COMP ANALY OF SOCIAL PROCESSES
COMP ANALY OF SOCIAL PROCESSES CSCI 6965
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Date Created: 10/19/15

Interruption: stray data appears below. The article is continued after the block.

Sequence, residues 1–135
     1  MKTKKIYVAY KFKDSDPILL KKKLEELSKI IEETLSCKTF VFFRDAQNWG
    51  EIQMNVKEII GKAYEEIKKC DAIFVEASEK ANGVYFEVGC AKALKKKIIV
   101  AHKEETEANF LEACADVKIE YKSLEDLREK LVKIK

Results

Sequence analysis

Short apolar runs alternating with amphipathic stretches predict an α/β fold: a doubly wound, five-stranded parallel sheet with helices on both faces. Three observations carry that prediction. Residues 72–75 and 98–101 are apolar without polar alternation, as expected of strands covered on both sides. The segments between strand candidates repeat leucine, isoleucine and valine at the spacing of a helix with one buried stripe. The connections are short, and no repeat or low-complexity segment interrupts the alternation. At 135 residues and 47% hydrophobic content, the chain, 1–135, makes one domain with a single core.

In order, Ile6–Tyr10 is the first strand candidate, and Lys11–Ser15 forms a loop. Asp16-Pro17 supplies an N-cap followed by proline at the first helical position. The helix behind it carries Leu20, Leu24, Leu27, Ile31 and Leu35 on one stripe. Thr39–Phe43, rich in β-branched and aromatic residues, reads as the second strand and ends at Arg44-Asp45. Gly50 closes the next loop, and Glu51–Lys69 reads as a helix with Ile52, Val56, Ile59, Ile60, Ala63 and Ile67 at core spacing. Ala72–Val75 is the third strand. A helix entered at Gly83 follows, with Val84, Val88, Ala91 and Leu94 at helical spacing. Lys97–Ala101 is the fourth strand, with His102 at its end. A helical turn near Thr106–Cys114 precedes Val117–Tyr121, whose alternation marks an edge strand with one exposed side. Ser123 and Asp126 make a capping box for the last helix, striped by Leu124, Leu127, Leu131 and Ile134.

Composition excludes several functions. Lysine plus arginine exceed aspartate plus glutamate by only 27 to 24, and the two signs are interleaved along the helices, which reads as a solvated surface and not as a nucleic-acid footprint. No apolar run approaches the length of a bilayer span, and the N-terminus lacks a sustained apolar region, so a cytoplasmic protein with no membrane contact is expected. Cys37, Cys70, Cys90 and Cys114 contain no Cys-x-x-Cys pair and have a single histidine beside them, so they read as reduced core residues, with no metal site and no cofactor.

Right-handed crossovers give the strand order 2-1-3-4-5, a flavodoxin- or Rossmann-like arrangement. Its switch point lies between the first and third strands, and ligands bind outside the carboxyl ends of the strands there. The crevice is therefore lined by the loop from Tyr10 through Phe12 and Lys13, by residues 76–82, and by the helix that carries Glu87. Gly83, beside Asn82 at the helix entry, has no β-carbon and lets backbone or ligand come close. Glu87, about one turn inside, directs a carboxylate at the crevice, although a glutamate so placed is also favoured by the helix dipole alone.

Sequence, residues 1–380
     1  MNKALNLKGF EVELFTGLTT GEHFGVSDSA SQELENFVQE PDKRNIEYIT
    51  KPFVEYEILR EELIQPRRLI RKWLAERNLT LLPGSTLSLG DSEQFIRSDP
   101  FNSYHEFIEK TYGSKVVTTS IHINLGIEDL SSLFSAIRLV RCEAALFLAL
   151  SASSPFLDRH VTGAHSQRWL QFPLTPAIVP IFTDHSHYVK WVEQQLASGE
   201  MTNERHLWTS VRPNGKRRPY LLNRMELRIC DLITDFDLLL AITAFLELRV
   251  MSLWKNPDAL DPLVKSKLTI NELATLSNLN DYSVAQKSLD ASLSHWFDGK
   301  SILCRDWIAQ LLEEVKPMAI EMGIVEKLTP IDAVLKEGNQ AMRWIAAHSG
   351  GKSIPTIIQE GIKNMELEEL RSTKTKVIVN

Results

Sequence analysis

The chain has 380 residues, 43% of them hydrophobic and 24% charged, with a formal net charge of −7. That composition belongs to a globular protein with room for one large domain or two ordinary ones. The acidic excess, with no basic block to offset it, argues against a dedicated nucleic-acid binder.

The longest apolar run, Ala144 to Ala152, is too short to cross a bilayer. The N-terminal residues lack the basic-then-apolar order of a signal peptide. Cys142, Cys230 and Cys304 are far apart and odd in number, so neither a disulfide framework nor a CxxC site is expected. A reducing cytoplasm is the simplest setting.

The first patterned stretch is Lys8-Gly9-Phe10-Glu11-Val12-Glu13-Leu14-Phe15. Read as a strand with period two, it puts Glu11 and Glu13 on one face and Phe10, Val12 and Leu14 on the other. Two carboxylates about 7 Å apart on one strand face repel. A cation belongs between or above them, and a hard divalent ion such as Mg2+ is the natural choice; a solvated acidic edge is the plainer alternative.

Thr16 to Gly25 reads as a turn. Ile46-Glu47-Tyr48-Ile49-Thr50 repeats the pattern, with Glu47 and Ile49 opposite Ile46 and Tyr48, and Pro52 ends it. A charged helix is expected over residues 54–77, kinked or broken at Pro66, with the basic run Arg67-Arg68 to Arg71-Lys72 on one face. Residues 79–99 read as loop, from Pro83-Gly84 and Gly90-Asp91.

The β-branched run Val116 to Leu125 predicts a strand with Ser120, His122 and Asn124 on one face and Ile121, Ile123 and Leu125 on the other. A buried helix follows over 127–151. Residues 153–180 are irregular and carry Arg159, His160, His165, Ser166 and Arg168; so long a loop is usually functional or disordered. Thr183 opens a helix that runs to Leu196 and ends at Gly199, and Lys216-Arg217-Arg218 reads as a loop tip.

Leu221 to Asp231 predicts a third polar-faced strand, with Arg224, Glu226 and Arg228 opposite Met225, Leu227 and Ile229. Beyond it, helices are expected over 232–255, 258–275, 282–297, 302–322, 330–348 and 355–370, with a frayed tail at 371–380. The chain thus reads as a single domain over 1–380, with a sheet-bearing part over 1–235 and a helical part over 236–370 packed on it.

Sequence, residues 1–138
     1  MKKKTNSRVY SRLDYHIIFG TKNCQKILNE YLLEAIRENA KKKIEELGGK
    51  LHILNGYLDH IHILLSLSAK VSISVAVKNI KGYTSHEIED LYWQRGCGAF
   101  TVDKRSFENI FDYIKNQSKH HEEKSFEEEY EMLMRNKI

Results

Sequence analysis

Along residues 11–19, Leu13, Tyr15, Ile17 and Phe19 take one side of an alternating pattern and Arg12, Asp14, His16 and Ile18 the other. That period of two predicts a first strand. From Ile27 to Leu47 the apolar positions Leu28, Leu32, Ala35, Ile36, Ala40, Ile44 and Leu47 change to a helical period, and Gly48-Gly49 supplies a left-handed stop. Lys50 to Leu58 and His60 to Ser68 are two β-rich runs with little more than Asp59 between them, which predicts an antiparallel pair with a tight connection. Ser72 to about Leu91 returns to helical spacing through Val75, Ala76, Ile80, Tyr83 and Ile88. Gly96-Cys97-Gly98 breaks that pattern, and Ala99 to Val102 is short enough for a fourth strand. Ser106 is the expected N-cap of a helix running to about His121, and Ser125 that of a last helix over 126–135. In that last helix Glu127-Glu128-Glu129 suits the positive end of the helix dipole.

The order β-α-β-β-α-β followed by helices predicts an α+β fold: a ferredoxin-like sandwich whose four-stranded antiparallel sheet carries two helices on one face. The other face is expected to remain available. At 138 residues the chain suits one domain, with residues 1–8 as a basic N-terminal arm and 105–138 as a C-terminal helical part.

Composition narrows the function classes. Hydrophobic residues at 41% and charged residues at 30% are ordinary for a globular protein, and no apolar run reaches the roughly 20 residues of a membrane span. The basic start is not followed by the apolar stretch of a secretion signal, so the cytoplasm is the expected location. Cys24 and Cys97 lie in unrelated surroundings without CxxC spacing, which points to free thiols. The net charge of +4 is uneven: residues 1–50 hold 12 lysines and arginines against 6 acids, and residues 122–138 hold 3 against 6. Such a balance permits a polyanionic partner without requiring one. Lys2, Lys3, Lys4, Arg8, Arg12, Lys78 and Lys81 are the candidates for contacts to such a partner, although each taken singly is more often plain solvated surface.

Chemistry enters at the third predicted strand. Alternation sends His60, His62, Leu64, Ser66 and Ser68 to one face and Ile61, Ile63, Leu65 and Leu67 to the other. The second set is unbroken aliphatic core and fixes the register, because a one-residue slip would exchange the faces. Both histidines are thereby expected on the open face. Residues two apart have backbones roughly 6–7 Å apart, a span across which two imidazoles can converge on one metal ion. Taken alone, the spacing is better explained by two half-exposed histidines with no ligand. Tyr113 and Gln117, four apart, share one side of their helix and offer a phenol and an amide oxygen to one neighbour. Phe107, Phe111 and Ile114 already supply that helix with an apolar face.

IJCAI Review James IVIichaelis CSCI 6965 Adv Semantic Technologies Class 10 3312009 Querying and Managing Provenance through User Views in Scienti c Work ows 39 ii we in in iilZiEEEE en Mia What is a user View in l mmwum mum in has 5 View lbllllmy39susel viw l g mun A useroriented level of component granularity in a work ow Users select modules from an original work ow Above and in turn user views are generated which highlights these modules Outline Goals of work Constructing user views of work ows Provenance querying based on user views Contributions related to user views Formal de nition Generation algorithm ZOOM System for storing visualizing provenance Performance evaluation Formal De nitions Work ow Speci cation Directed graph GWN E with input I and output 0 nodes indicating beginning and end Every node of GW must be on some path from input to output User view U a partition of GW nodes N excluding input and output into a set M1 Mn such that 7 M N Mi and M are disjoint for i j MlUMZUUMnN In this de nition each Mi is known as a composite module Constructing User Views Authors propose using an algorithm called RelesterViewBuilder to take as input a work ow speci cation and a set of relevant modules and produce as output a user view 0 Algorithm adheres to three properties for de ning quotgoodquot user views Properties of Good User View wellformed Given a work ow GW and set of relevant nodes RE N every module in the user view U contains at most one element of R preserves data ow Applies to user view U iff every edge in GW that induces an edge on an nrpath from Cr to Cr39 in UGW lies on an nrpath from r to r39 in GW where r and r39 are nodes in R U input output complete Applies to a user view U wrt data ow iff for every edge e on an nrpath from r to r39 in GW that induces an edge e39 in UGW e39 lies on an nrpath from Cr to Cr39 Here r r39 are nodes in R U input output RelesterViewBuilder Algorithm Uunmlvmkclnl rimununm mm wnrMhM w anmm uanst R mm L Slep n mum mulqu v n w 2 mum v Rmxummrkm 1 MI 1m 4 mmquot m ysccq 5 mmk M y H mm a runny Kiln 7 WWW mm mm mm 1 u unmarku x mm m n m y n orally 1m r u um mrlum 5 11mm m 317mm Hum meanU w my 2 m c mm mm mmwmte mm ulvx r m unv mmlumuvg h Imm in Hm H Wm WM W mm mmqslicwm n l H u quotan quot VF W U Hd u an Hrr llt 1U quot15mm to mummm a u 1 m n mp 3 mm the um up umvmnl39l H mm mm m Anylhrv m K m m x m 1 wr u 1 w in In y 2 m m mmmg cnlgc mm 1 x L w M M m quotmum dce to mm m an 5 mm x 39 mm 7 rpremvmm m r SMCY I XSHLCH mum m mum rr m a mm vrw 5 Hum M w A R1quot In mm m m w 39mmu 4 Notes about RelesterViewBuilder Preserves Properties 13 and produces a minimal user view No two M M can be removed from U and replaced by Mi U M to yield a solution that preserves Properties 1 3 Running time ON2 E The proof can be found in quotQuerying and managing provenance through user views in scientific work ow systems U of Penn TR IVIS CIS0713 2007 Does not guarantee a minimum solution one with smallest number of components Finding polynomial time algorithm for this remains open research problem User Inmace ZOOM Architecture 1 Wrappers W wUseerw 3quotth Wovk ow iuwvlew 169 em05 393119 les n x mvlmermw mum usorsuulpu usllvwws Rana mu v m m r umnum mm n3 v amp I WW mmmw Evaluating RelesterViewBuilder Ran algorithm on 1000 increasingly large randomized work ow speci cations 100 2000 nodes Scalability Upper bound of 80 ms Optimality Results showed that adding one relevant class in a work ow creates only one new composite class Evaluation of Provenance Querying 0 Key Metrics used Time required to construct user views and subsequently query the provenance warehouse Testing data 3O work ows generated by realworld systems in domain of biological science Series of synthetic work ows generated based on patterns from the real work ows Results of work ow runs Work ow data mm Luis M wmnm my a cum mi km Mum 1750 mg INN Provenance Querying Key metric considered Size of query results returned Data used Using 10 work ows in each of the 4 classes described in Table I we created 30 runs of each kind in Table II small medium and large generating 3600 runs in total Provenance Querying 0 Three varieties of user views considered UAdmin in which each step class is relevant no composite modules UBio constructed from relevant modules based on case studies from biology experts using RelesterViewBuilder UBlackBox in which the entire work ow is in one composite class N ROW Provenance Querying E ADMIN a LED 1 LBMBOX Rm Wonmow class F13 10 Size of quay resuh Interactivity Effect of view granularity on response time Cost of switching user views while analyzing the provenance of a given data item Caveat not clear what testing data used Results On average takes 13 msec to compute the provenance for a different user view Maximum computation time 1 sec for an execution in Class4 with 90 of relevant modules Visualization On average it took 300 msec maximum time was 2 sec IJCAI Review Relevance 6 Signi cance 7 Technical Soundness 8 Novelty 8 Quality of Evaluation 6 Clarity 6 Overall 7 Review Con dence 7 Relevance 7 Calculated by average of general AI relevance 7 and Semantic Web relevance 5 General AI Interesting approach for generating abstracted workflows based on nodes of user interest Could be very attractive to information retrieval groups Semantic Web Technologies not applied in this work but could be in later versions Signi cance 7 Authors present an algorithm for generating concise representations of work ows RelesterViewBuilder based on user interest in certain work ow components This could have widespread implications for improving work ow visualizationquerying systems However quantitative metrics for gauging researcher input on the design of the system are missing Technical Soundness 8 Could not nd any signi cant aws in the technical approach 0 However would have liked a look at the proof of correctness for the RelesterViewBuilder algorithm Novelty 8 Relatively unexplored approach for generating user centric work ow presentations Interesting implications for improvement of provenance based work ow querying Quality of Evaluation 6 In general felt the authors were on the right track However some of their results struck me as unclear For instance their gauging of optimality in the evaluation of the RelesterViewBuilder algorithm and the data used in the interaction evaluation of the ZOOM architecture As a rule of thumb use of data from alternate domains aside from biological sciences could have helped Clarity 6 At points presentation of ndings unclear Apparent typos omitting of information Overall Paper Score 7 Average of 6 IJCAI metrics Con dence of Reviewer 7 Fair amount of background with processing techniques for work ow data However do have limited background in working with synthetic work ows as well as large sets of work ows IJCAI Review James Michaelis CSCI 6965 Adv Semantic Technologies Class 7 3 3 2009 Semantic Reasoning A Path To New Possibilities of Personalization Objective of Paper Present a generic method of improving recommender systems through reasoning over Semantic Web data Content based strategy discover extra knowledge about the user s preferences more accurate and flexible personalization processes Present results of study comparing effectiveness of system implemented by the authors versus two machine learning based approaches Motivation Syntactically based recommendation systems tend to provide overspecialized recommendations which may not be of much value to users Collaborative ltering helps with this but has issues with sparsity of applicable recommendations Strategy Two key parts Semantic associations Trace semantic bonds between the user s preferences and the items available in the recommender system Formalize these bonds in a domain ontology along with their semantic annotations Spreading Activation techniques Explore these semantic relationships and discover new knowledge related to the users interests 39 Domain for demonstration MovieTV Reviewing Semantic Associations Domain knowledge is encoded in ontology In turn users can specify interest in certain movies using parameter DegreesOfInterest continuous variable ranging from 1 to 1 With user preferences entered traversal through domain ontology takes place Relevance Index computed through following metrics ppath association Applies for two programs linked by a chain or sequence of properties in the ontology pjoin association Two programs with respective attributes belonging to the same class in the domain ontology pcp association Two programs sharing a common ancestor in the genre hierarchy de ned in the ontology Semantic Associations Semmmc Ass Minus m ltme mm Rm on J My pjam Wclrmlz w Tpkva 2715 Lag Sanmmi 39 J hiya m w quotmm mm mm M W D W W nk a lt1 my 7 W V m m on may NM mmmzv m V mm mm mm WH mm mm Mew mg thwm m Myquot 1 g mm mm m Wm H W W t mm mm m m mm mwumaw m we mkm f ml mm m Mm Vmnm msm mm mm iv in 7 5m a m m lt5 m m 955 mm Spreading Activation Used to explore generated network of user preferences 39 Works as follows Nodes of the network have an implicit relevance named activation level Each linkjoining two nodes has given weight Stronger the relationship between both nodes the higher the assigned weight Initially a set of nodes are selected and their activation levels are spread until reaching the nodes connected to them by links named neighbor nodes Author Contributions Authors propose modi cations to Spreading Activation approach based on The kind of links traditionally modeled in the SA network SA network models both the properties de ned in the ontology and the semantic associations inferred in the ltering phase Their weighting process Adaptive weighting based on changes in user preferences Evaluation Authors implemented prototype of recommender system for testing purposes including An OWL ontology covering the domain of TV shows Similar to the movie ontology the technology was developed around User modeling technique based on ontologypro les Goal of study was to To evaluate the accuracy of our reasoningbased recommendations To compare this approach with two existing machine learning techniques that are devoid of semantic inference capabilities used by authors Evaluation 400 Students asked to rate 400 TV programs on continuous scale of 11 40 of student evaluations used as training data for the two machine learning techniques For remaining 60 of students the following took place 10 good and 10 bad TV shows randomly selected from each student evaluation to build pro le In turn these pro les were fed into the authors recommendations system as well as the other two systems 90 80 70 60 50 40 30 20 Recall Results Precision A ONthO I AssoSA threshold 065 CI Rules I SamCF 0 Recall U Precis39on Review of Paper Relevance to an Al audience 710 Clear that the novel use of spreading activation techniques in the paper will be of interest to researchers in information retrieval as well as applications of Semantic Web reasoning However not certain that techniques will carry as much interest in Alas a general eld Review of Paper Novelty 710 Appears to present a novel use of Spreading Activation through combination with Semantic Web data However this strikes me as a fairly specialized contribution Much work has been done to use Spreading Activation in web analysis in the past Review of Paper 0 Signi cance of Results 810 Interesting comparison done between the authors system and two alternate systems However it is not particularly clear why these two were selected a little more background on selection rationale would be helpful In addition expanding the pool of participants and or domain data in a followup evaluation would be helpful an intention the authors expressed as future work Review of Paper Technical Soundness 810 Speci cs of some techniques such as those used to compute signi cance of properties related to movies rated by users omitted from paper due to length constraints However a thorough technical review of all the techniques used in this system given in Blanco Y et al A Flexible semantic inference methodology to reason about user preferences in knowledge based recommender systems Knowledgebased Systems In press Review of Paper Quality of Evaluation 610 Two metrics used for rating effectiveness of three techniques Recall De ned as the percent of returned programs that the user rated interesting Precision De ned as percent of programs returned with positive user rating on 11 scale Not very well de ned what distinguishes these metrics in the results Expanded statistical analysis would be helpful Review of Paper Clarity 710 Admittedly problems emerged in part due to length constraints At many points technical speci cations abstracted with reference to alternate publications Discussion of metrics used in results as well as their signi cance could have been more clear Review of Paper Overall Score 710 Con dence in review 510 Numeric Reasoning in the Semantic Web Chim ne Fankam St phane Jean Guy Pierra Presented by Giovanni Thenstead Introduce new ontology database for reasoning and query processing Show alternative reasoning engine that utilizes various labeling techniques Explore a new database architecture that supports mixed ontology and labeling schemes Le a metascheme lntroduce new ontologybased query language Background Knowledge Binary Relation Properties Transitivity Reflexivity Symmetry o gt c o gt c Eager and Lazy Reasoning Eager reasoning is used as an optimization technique for preprocessing deduced facts in order to speedup future query requests Lazy reasoning is the opposite of Eager reasoning whereby deduction is performed onthe y for each query request Labeling schemes Interval labeling Geometric labeling Baekgroumd Knowledge OntologyBased Database OBDB Typell Class of databases that partitions keeps separate the ontology data tables from the instance data tables Partially Ordered SetsTree Order for Subdivisoning REID D Table Schemes Binary Table Table Per Class Reasoning that uses number or stringoriented labeling for qualified data instances in an TypeIll OBDB Problems with this approach Current Typell OBDBs do not support numeric reasoning However new proposals are being made for TypeIll OBDBs These TypeIll OBDBs may support Multiple ontology models OWL DAMLOL PBLIB etc New SQLlike query language New database management system DBMS that can automatically transform qualified are they transitive antisymmetric and reflexive Spatial or temporal data instances via labeling into an appropriate extended form Will add new metaschemes stored as new DBMS tables for ontologies and labels Issues with the Semantic Web Scaling on largesize data Applications need to manage an amount of ontology data that doesn t fit in memory Reasoning over largesize data Often times OBDBs that are very scalable to real world ontology and instance data are poor at reasoning ie they have subpar response time when reasoning is being performed Why Numeric Reasoning Scalability over largesize data Labeling decreases instance data representation making it more efficient to store in memory OntoDB New TypeIll OBDB that extends current Typell OBDBs with new metascheming for handling multiple ontologies and labels LabeHng Eliminates the need for reasoning over deductive facts Can exploit Eager Reasoning for optimization Because labeling is stable and requires less storage overheads eager reasoning preprocessing of instance data can be used as an effective strategy for improving query processing DATABASE Databases are efficient at handling large size data and also at performing numeric and string queries 11010011 LLGOLGLL Eager reasoning can be expensive It s better to represent data as numbers or strings instead of deduced facts which can get unstable ie data size varies Popular approaches used for reasoning by current OBDBs Eager Reasoning Deduced facts such as transitive closures for all transitive relationships can be derived and then materialized stored as for example database views these are essentially virtual database tables created onthefly Drawback requires extra storage and update overhead Lazy Reasoning Deduction is done onthefly using virtual deduced facts Done on various database mechanisms such as views labeling schemes or subtable relationships found on objectrelational databases Drawback requires extra processing cost but doesn t impose storage and update overheads Subsumption Reasoning Data instances that establish a subclasslike relationship with respect to another ie classOf instanceOf relationships this can be useful for carryingout transitive closures Legen 4gt mama a many 0 mm vane 4 mm Fig 1 Type 1 OBDBs approach OEDE pprCaches Type II OBDD M Fig 2 Type 2 OBDBs approach Subdivisions By the properties of Transitivity and Inclusion Subdivisions can be established based on the topographic hierarchy As such a partial order on these subdivisions can be used to exploit their positionalrelationshi to create some range ie unique interval under which a subdivision 5 domain falls in respect to its scope in an hierarchy Numeric Reasoning over Partially Ordered Sets anc I L2 II de France Pnimu Charemes 5 H 1 Pm Paiuers 339 4 7 3 Ln Racksquot 9 IO Fig 5 translation of a tree structure into two numeric values Numeric Reasoning over Spatial and Temporal Domains Example of Geometric labeling using circles Spatial Domain Temporal Domain 1970 1985 2007 I I I Time Line in Years Impl entation Labeling Schmne mm mm smv numberVCumw IBM dcfwlbcheme bouumwmm IA L 4 1xminunnxymin l u lJ lml39uuL Nun VIURCnmms mzlx39y Hmu run scnemem s maimww mm mm ling query mtuiwr Kim quot 3 My riirmnc query um mumJ 7 i tin m V Fig 6 Query processing steps Query processing on a Table Per Class backend can be 10 times as fast compared to its Binary Represented counterpart and provided the queries are being carried outwith a class name specified iplamentatiom Query Remii 139 ng 39 nmwm 39ih mumiiwiimyui win murmur i Amriuimc rumuvnmm i wigs imnmuaNJiic u mm whichminimumin miiiminnow i himi1quot gmmmim W xiihim i Inlulinlizm w on dwniiidn l r m a Minn gm 7 quotv um muttw Mum minimum at non Min17m Wm vuiliiLuM m H i i i i 5 MIN mum Jiiuni guwinLhuun hunudi A minim mm Fig 11 COG OntoDB example query w1ii mg Queries that are not apart of OntoQL proposed TypeIII OBDB query language are automatically converted to their OntoQL counterparts This is important so that the correct ontologies in the OntoDB DBMS are queried given their namespace umurwmu Ilmuagy modul Fig 7 COG 7 OmuDB ontology part m Suhdmmnl H A name Pam H de 1 Rune Pniluu Chammes Ln mchclle Pmluu cm Fig 9 COG OntoDB the data part Questions Does the labeling scheme support more complex geographic features ie with holes or irregular geometries than what is provided Gregory Todd Williams While it may be possible to extend the current labeling scheme definitions via the abeschemes table to include other shapes what you are asking does not appear to be a possibility that can be achieved given the unqiue dynamics properties that would have to be considered How is subclassing supported Jesse Weaver As mentioned earlier this can be achieved through Subsumption Reasoning which utilizes transitivity closures on derived data instances with antisymmteric transitive and reflexive properties How reliable is the automatic transformation process for nonOntoDB ontology and instance data Joshua Shinavier There is a default mechanism so if no implementation entry ontology scheme exists for an unknown instance data then whatever tricks available to the DBMS for default events may be applied Application to Research This may apply to my research interest Distributed Reasoning in the follow ways In the case of interval labels finding possible vertical partitioningpoints may be used to help distribute workload across multiple reasoners Maybe interesting to distribute the underlying OntoDB DBMS so that instead of storing the ontology and their respective instance data on one engine they may be spread across multiple reasoning engines Chim ne Fankam St phane Jean Guy Pierra quotNumeric reasoning in the Semantic Webquot SeMMA 3462008 84103 Questions